The purpose of this comparative analysis prepared by IDFI is to show parallel trends and shared characteristics of public procurement systems in Eurasian countries, including the best practices. Firstly, the study describes public procurement systems of each country. Subsequently, the study compares the general positive and negative sides of these laws, shortcomings, and possible problems of their implementation.
Studying the public procurement systems of sixteen countries in the Eurasian region reveals that despite considerable differences in their legislations and practice, some of the major problems and challenges are in fact shared. Some of these countries have moved on to fully electronic procurement with a single point of access, while others have remained paper-based or mixed. Some have a centralized system where an independent institution is responsible for managing the procurement of all other state entities, while others have a decentralized arrangement.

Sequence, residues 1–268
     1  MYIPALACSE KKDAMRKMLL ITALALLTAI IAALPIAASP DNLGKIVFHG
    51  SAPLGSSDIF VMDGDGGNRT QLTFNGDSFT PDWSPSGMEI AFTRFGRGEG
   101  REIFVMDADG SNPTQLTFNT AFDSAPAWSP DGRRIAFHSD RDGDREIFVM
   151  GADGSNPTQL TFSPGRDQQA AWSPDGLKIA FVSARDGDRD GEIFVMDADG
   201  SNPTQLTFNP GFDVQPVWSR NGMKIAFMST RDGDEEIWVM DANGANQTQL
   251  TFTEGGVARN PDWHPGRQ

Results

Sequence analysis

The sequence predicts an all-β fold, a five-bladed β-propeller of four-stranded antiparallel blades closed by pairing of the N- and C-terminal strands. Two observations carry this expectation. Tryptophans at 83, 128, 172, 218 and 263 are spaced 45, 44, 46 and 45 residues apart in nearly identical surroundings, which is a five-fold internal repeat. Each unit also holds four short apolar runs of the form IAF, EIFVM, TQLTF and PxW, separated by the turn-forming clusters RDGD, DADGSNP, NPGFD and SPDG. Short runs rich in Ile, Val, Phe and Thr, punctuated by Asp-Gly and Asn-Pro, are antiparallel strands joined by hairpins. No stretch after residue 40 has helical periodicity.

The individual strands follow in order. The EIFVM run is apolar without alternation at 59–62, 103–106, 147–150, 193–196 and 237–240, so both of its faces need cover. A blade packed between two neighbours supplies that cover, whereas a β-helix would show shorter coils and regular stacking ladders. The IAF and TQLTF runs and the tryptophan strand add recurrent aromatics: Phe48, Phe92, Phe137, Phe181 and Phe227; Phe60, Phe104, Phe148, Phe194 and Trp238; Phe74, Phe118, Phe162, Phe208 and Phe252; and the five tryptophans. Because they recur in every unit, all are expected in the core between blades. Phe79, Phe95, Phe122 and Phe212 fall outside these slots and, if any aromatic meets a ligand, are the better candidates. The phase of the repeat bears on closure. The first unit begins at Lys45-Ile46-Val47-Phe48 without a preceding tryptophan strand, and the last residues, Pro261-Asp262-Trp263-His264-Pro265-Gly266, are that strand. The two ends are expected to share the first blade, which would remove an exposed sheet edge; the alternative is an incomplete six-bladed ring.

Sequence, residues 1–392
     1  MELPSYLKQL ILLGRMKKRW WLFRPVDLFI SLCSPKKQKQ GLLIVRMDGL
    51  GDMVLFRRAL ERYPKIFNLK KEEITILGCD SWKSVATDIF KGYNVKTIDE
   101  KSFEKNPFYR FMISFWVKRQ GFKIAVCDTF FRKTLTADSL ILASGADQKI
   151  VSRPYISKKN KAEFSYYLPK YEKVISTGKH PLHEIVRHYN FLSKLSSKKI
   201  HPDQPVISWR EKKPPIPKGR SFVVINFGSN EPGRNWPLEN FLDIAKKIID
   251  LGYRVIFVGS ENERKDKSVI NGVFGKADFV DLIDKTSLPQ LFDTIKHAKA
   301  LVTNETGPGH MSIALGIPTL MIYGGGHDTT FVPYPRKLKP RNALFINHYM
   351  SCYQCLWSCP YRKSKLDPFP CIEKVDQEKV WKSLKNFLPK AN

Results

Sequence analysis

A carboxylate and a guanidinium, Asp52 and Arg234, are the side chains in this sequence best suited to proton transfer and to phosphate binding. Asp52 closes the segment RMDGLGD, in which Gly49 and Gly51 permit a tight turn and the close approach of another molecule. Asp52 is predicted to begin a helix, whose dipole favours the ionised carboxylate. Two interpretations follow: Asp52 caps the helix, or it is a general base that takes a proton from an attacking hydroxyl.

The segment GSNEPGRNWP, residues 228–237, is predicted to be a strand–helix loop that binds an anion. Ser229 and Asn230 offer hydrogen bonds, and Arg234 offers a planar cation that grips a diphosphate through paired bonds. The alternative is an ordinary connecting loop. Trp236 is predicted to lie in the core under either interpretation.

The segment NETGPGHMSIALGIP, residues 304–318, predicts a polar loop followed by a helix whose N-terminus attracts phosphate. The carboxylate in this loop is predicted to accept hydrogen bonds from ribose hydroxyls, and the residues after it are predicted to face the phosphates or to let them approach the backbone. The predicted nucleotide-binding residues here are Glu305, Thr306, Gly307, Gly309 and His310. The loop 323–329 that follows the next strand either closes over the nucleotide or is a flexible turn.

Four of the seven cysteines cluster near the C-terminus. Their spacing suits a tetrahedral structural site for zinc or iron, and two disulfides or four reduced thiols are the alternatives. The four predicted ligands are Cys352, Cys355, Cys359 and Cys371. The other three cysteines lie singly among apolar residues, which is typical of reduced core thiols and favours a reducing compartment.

However, despite such core differences, almost all of these countries struggle with the same problems of unjustified exemptions from the legislation, corruption and conflict of interest, inefficient (i.e. paper- based, non-automated) procedures, weak follow up in contract execution, inaccessible dispute resolution procedures, and lack of free and easy public access to all procurement information.
Such commonality of problems suggests that more active cooperation between countries may help them tackle these challenges more easily by sharing best practices and learning from each other’s mistakes. The Transparent Public Procurement Rating is actively working on facilitating this sharing process.
view the full document on the following link.